Hop on the F Train and land directly in Bryant Park. This grassy Midtown oasis is good for a drink, a snack, and, believe it or not, more birds. Sit, relax, and let the birds come to you: warblers, thrushes, and sparrows are all possible.

The Beaux-Arts building with its back to the park is the New York Public Library. Step inside and seek out the stunning reading room. For a more contemporary landmark, check out the Bank of America Tower (Avenue of the Americas and West 42nd), the world’s first LEED Platinum skyscraper. With a public Garden Room and a co-generation plant in the basement, the building is as innovative as it is beautiful, designed to cut 144,000 pounds of CO2 emissions each year.

These American Robin chicks are true Manhattanites. Photo: Cal Vornberger

Down By the River; 6 p.m.

The West Village is steeped in history, culture, and good food. For a NYC staple—the falafel—check out Taïm (222 Waverly Pl.), which many say makes the best in the city.

Meander into Chelsea and climb up to the High Line, a park built on an abandoned elevated train track. It stretches almost a mile and a half along the Hudson and is lined with native trees and plants.

Day 2

Queens-Bound Flyway; 9 a.m.

Jamaica Bay is a stopover magnet for birds, especially younger migrants who stick to the coastline while flying northward.  It’s also a bit of a trek from Manhattan—for humans anyway. The subway ride to Broad Channel Station is close to an hour long, plus there’s a 20-minute walk to cap it off. But you can skip the walk along the busy parkway by taking the A train to Rockaway Boulevard and jumping on to the Q52 or Q53 bus. That’ll take you right to the entrance of the Jamaica Bay Wildlife Refuge.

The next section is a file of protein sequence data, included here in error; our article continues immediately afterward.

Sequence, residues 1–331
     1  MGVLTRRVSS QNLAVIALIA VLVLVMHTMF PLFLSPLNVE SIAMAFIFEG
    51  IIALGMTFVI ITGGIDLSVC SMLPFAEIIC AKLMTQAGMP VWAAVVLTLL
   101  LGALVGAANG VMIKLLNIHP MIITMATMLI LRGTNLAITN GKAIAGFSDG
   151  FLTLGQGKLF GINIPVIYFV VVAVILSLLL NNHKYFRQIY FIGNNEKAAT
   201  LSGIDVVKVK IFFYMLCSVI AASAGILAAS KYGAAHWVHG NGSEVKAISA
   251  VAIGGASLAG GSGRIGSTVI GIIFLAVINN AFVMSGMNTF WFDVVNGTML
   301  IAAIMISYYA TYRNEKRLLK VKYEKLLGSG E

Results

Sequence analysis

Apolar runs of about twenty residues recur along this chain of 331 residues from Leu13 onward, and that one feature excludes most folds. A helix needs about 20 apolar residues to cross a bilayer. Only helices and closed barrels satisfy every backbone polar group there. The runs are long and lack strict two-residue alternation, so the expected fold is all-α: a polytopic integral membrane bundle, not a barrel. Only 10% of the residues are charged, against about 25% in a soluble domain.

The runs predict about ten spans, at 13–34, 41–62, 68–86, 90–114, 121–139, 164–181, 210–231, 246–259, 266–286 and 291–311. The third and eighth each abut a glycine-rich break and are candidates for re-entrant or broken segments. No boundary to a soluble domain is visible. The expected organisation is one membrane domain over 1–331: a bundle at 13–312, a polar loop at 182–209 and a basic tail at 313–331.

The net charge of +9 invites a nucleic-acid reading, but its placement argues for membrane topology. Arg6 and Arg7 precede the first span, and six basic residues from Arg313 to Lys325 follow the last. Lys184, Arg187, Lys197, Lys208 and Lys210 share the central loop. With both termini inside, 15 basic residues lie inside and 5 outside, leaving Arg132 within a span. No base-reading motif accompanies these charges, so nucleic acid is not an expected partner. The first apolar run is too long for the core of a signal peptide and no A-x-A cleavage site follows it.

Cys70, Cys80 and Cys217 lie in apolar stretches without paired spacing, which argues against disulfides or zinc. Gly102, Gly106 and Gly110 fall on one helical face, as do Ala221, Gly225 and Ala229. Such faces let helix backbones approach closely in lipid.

The refuge is a muddy, grassy tract of land that rests in the middle of a giant saltwater bay. It might not look too thrilling, yet there are swarms of birds waiting to be found there. Wander the trails along the water—you might see families of Ospreys, Brant, Black Skimmers, and terns. Other trails will lead you to East Pond and West Pond, brackish enclaves that host Buffleheads and Horned Grebes early in the season. Big John’s Pond, meanwhile, has freshwater that draws passerines and Glossy Ibises, along with a bird blind and Barn Owl nesting boxes.

Toward the end of May, when the horseshoe crabs lay their eggs, dowitchers, Dunlin, Red Knots, and Ruddy Turnstones will dot the shoreline. By then, many of the 72 species that nest in the area will have settled in. Jamaica Bay is also known for extremely atypical visitors: A Ruff—a Eurasian sandpiper—and a Cave Swallow have been spotted there before.

To make the most of your short visit, try and catch a tour or walk led by the American Littoral Society, NYC Audubon, and Gateway National Recreation Area.

Floating On; 5 p.m.

End the day at the southern tip of Manhattan. Visit Battery Park and gaze out on New York Harbor, looking for waterfowl and harbor seals. A few blocks north is a novel new dinner option—a high-end food court called Hudson Eats (200 Vesey St.), which has offerings from some of the city’s best restaurants, including farm-to-table fare.

Consider finishing your evening with a free ferry ride to Staten Island and back (Whitehall Terminal, at the east end of Battery Park). If you want to keep birding, catch an EcoCruise from Pier 16 at South Street Seaport. You might score views of Little Blue Herons and oystercatchers, all against the setting sun and a regal New York City skyline.